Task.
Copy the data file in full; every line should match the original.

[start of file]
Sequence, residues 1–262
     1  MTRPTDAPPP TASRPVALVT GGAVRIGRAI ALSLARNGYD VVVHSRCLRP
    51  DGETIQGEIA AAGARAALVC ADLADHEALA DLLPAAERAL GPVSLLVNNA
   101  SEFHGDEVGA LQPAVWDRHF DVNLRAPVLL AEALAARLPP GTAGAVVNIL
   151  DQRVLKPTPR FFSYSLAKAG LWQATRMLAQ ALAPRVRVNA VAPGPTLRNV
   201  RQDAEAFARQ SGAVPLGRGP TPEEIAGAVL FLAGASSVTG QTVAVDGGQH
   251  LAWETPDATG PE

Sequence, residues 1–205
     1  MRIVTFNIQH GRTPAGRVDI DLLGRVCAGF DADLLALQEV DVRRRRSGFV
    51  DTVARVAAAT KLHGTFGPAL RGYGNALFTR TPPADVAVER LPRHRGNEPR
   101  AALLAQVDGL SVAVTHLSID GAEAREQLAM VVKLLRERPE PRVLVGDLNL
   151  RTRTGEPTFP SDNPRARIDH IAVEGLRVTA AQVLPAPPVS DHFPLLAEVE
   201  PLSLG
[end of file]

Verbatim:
Sequence, residues 1–262
     1  MTRPTDAPPP TASRPVALVT GGAVRIGRAI ALSLARNGYD VVVHSRCLRP
    51  DGETIQGEIA AAGARAALVC ADLADHEALA DLLPAAERAL GPVSLLVNNA
   101  SEFHGDEVGA LQPAVWDRHF DVNLRAPVLL AEALAARLPP GTAGAVVNIL
   151  DQRVLKPTPR FFSYSLAKAG LWQATRMLAQ ALAPRVRVNA VAPGPTLRNV
   201  RQDAEAFARQ SGAVPLGRGP TPEEIAGAVL FLAGASSVTG QTVAVDGGQH
   251  LAWETPDATG PE

Sequence, residues 1–205
     1  MRIVTFNIQH GRTPAGRVDI DLLGRVCAGF DADLLALQEV DVRRRRSGFV
    51  DTVARVAAAT KLHGTFGPAL RGYGNALFTR TPPADVAVER LPRHRGNEPR
   101  AALLAQVDGL SVAVTHLSID GAEAREQLAM VVKLLRERPE PRVLVGDLNL
   151  RTRTGEPTFP SDNPRARIDH IAVEGLRVTA AQVLPAPPVS DHFPLLAEVE
   201  PLSLG